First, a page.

But more importantly, being single allows me the gift of getting to know who I am, defining who I want to be, and falling in love with both of those women, flaws and all. This is not to say that can’t be done when you’re taken. Plenty of women do it. I just mean that you have so much more time and energy to devote to that singular and pivotal task as a single woman. Furthermore, this is THE perfect time to do so because (at least for me) when I meet my future husband (if that is in fact my vocation) I want to be at a spiritual and emotional state that allows me to love him completely and selflessly with all of my being, holding nothing back. I can’t do that if I still struggle with loving myself. So, in this period of singleness, I love the time I spend getting to know all of my little quirks and my strengths and my weaknesses. I love getting to spend time with family and friends and getting to know all of their little quirks and their strengths and weaknesses (and obsessing about how amazing they all are).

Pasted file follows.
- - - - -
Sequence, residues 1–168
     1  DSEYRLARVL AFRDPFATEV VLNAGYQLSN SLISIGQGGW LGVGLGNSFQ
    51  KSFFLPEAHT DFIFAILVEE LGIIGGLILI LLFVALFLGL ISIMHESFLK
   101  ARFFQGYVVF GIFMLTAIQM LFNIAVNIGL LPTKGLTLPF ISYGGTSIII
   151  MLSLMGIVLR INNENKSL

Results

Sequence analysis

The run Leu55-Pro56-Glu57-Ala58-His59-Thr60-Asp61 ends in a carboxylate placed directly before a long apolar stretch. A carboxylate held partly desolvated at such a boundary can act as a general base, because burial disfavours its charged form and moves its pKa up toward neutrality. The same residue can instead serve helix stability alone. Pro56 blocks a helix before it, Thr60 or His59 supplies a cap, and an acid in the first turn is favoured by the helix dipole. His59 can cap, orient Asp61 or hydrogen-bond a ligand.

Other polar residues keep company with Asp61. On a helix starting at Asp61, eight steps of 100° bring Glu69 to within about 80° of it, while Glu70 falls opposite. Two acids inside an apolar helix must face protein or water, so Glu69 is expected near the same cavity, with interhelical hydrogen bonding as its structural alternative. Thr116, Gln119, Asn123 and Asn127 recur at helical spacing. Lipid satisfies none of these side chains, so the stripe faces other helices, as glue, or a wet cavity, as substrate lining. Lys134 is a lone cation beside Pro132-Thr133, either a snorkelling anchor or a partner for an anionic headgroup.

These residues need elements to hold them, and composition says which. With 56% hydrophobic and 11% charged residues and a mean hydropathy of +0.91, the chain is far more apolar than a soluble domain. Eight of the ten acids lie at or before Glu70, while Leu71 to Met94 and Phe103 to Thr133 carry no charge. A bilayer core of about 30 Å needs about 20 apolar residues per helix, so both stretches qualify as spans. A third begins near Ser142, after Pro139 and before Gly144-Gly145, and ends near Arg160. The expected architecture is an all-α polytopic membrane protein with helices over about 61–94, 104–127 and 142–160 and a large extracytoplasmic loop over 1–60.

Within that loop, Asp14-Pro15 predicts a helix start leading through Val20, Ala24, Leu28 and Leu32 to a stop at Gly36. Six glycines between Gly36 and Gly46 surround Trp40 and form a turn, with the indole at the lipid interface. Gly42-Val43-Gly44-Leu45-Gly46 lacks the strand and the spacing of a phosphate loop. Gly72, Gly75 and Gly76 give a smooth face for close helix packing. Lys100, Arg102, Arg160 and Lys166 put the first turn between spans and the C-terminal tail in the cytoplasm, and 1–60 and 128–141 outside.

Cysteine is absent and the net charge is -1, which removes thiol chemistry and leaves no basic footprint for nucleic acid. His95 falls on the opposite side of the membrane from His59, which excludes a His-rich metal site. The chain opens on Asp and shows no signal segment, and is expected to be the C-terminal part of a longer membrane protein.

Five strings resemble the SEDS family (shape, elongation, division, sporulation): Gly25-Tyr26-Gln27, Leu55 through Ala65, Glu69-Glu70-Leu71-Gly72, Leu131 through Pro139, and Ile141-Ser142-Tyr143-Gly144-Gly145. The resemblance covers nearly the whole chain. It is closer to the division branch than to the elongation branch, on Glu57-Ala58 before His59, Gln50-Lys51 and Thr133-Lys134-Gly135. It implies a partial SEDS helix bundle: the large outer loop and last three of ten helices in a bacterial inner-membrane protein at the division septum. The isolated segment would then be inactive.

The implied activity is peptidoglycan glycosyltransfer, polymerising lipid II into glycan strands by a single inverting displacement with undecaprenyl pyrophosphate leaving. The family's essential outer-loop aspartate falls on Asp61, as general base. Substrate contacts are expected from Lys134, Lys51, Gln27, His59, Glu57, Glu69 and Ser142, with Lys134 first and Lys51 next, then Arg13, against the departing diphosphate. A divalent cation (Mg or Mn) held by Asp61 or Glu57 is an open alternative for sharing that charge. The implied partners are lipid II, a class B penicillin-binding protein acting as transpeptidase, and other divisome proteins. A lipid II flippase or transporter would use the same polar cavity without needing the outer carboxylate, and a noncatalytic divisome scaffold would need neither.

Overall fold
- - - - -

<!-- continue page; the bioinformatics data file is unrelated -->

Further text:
Above all, I love being single because I’ve realized that I am fulfilled, WITHOUT a romantic interest in my life. I have a good job that keeps me busy. I participate in activities that cultivate my God-given skills and talents. I have family that love me and support me. I have friends that can send me into laughing fits for hours and that I can call on day or night when I’m struggle busing. I belong to a community that I can joyfully serve. My cup is overflowing with blessings. My heart is full of joy. My soul is at peace and content. See the thing is, our society does a great job of lying to everyone and saying that romantic relationships are necessary in order to be happy and fulfilled. Movies, TV shows, and ads paint the tale that romantic relationships are the pinnacle of all relationships. But it is a LIE. Fulfillment comes when we recognize our purpose and love and serve those around us. Happiness comes when we choose to be positive and hold on to hope even in the face of the storms of our lives. Joy comes when we maintain balance in our lives and choose to be grateful. Peace comes when we remember that all of our sorrows are temporary and that one day we all have a shot at tasting the sweet miracles of heaven. All of this we are able to do with or without a romantic interest in our lives. Having that special someone isn’t a necessity that will ruin our lives if we don’t have it, it’s the cherry on top of an already fulfilled and happy life.